INDICTED Than You Think . . .
In recent years, Fortune 500 companies have commanded most
of the media coverage on corporate frauds. However, the
U.S. Department of Justice also prosecutes individuals
in smaller, privately-held companies. This is one story
of overbilling, kickbacks, and criminal charges
at the highest levels.
BY: AN ANONYMOUS AUTHOR
Imagine this: You wake up one morning to screaming headlines in your local papers – you have been accused of fraud
in connection with construction work performed by your
company. As the CFM, you have been indicted by a federal
grand jury on numerous charges, including conspiracy and
mail fraud. If convicted, you could face more than 30 years in
prison, a fine in excess of $1 million, or both.
The real life story that follows concluded not long ago in federal court. For the sake of anonymity, individual and company
names have been replaced with general descriptions.
Why have I chosen to share such a deeply personal experience? So that my story can serve as a “heads up” for my fellow CFMs to help them recognize their very real exposure to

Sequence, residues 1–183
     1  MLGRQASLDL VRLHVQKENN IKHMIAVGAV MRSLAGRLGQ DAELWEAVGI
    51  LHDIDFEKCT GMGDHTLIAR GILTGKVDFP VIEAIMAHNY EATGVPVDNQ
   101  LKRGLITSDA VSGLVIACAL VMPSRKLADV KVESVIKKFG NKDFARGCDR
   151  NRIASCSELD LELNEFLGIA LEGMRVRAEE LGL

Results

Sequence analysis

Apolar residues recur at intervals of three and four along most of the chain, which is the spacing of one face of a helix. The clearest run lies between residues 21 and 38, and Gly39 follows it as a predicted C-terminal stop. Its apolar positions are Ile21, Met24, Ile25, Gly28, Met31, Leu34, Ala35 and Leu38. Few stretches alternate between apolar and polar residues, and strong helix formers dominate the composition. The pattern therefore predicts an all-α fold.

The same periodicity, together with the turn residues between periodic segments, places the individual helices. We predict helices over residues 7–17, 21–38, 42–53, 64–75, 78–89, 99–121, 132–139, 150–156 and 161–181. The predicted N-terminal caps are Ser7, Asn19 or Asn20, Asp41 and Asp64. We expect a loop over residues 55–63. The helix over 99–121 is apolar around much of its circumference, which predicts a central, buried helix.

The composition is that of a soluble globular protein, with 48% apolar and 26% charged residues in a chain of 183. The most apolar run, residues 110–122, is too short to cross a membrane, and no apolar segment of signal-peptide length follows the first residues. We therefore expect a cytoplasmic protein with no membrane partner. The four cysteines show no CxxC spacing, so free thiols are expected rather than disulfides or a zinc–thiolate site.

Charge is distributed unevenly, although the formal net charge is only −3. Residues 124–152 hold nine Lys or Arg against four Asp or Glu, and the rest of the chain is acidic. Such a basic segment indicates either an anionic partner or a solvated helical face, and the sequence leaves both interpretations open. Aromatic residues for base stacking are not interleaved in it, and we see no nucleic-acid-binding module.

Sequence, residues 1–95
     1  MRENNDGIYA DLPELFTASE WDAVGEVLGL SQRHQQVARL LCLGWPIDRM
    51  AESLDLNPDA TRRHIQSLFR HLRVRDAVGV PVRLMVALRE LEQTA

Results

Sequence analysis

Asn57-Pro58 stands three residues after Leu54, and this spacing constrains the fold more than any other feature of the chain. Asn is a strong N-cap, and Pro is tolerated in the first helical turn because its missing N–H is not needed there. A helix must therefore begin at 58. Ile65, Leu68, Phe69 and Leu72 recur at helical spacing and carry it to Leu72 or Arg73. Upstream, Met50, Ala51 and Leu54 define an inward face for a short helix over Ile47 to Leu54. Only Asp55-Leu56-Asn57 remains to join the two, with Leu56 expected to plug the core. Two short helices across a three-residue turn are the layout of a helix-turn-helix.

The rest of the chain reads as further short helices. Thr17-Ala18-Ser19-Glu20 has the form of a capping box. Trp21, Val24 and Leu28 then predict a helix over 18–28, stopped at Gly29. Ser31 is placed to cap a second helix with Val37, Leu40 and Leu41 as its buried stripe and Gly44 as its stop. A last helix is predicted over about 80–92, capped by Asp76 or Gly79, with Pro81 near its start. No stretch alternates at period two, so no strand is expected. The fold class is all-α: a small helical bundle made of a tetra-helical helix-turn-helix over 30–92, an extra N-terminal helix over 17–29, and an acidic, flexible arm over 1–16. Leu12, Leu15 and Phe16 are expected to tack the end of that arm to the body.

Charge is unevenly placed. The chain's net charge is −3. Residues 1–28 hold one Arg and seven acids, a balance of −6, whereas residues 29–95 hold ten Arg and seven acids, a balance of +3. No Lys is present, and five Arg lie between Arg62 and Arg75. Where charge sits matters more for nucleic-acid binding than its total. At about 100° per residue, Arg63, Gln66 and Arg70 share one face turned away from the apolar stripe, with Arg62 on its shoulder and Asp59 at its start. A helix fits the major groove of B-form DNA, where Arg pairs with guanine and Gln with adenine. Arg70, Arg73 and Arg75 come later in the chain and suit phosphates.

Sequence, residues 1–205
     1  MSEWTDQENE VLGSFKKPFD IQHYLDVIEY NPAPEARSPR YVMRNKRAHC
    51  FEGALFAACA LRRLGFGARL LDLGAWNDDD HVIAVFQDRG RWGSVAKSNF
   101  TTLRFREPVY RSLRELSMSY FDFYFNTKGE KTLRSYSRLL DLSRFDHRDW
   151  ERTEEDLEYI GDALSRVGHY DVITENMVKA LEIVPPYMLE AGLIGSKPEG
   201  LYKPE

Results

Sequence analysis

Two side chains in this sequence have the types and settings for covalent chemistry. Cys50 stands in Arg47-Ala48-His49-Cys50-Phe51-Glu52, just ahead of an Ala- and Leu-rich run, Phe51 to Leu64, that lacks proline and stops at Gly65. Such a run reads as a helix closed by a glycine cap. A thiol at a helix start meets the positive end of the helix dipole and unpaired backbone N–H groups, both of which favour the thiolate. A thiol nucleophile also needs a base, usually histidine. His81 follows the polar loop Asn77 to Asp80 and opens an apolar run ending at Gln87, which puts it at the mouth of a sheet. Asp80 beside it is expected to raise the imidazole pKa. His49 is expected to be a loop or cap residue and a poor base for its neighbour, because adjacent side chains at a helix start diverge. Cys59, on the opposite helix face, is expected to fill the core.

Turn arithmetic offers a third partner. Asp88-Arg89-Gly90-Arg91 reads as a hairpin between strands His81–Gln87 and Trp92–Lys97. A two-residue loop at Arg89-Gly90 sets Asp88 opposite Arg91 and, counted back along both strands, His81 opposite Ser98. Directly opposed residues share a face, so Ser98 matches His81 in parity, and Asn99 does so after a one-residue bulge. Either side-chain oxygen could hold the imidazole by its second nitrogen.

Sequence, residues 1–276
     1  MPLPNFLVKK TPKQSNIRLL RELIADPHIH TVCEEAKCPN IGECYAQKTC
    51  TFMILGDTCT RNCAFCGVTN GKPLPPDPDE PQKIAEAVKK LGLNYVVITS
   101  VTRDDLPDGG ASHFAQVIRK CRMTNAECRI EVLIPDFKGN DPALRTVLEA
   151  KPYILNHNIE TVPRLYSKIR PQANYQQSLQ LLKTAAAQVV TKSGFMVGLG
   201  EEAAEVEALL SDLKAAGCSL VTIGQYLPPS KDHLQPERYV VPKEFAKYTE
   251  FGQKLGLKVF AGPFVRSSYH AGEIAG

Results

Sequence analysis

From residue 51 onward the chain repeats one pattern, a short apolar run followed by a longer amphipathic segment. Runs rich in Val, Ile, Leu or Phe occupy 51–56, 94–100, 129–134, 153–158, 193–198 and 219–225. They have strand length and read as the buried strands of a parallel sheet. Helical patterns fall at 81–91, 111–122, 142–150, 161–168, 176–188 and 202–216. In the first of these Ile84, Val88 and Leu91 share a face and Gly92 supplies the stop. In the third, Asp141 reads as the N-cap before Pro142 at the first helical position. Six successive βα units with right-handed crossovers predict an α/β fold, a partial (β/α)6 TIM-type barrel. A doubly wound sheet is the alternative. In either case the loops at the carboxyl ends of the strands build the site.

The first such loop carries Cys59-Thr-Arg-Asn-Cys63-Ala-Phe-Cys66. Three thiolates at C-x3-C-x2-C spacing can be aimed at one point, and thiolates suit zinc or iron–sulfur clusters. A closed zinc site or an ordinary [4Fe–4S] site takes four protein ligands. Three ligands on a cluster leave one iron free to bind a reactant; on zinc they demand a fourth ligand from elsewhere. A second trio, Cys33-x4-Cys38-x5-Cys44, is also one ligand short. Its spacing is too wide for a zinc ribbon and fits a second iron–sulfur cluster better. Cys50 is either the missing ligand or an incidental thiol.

CFMs are vulnerable because of their level of responsibility,
their understanding of company operations, and the knowledge they are expected to have about the actions of other
management personnel. And, here’s some extraordinary news:
You do not even need to be actively involved
in a fraud to be indicted.
All federal prosecutors need to obtain a grand jury indictment
is one witness who states that you knew of a fraudulent activity and, in some small way, allowed that activity to continue.
Armed with this knowledge of vulnerability, I sincerely hope
my colleagues can take the necessary steps to avoid the
criminal prosecution that befell this unsuspecting author.
This story begins over 10 years ago on a construction jobsite
where our company was performing large-scale renovation
work for a commercial customer. The extensive renovations
were on a T&M basis and the job’s scope continued to expand
over several years.
In addition, the customer’s budgetary controls were not very
tight, it was understaffed to handle the large volume of work,
and the job was schedule-driven.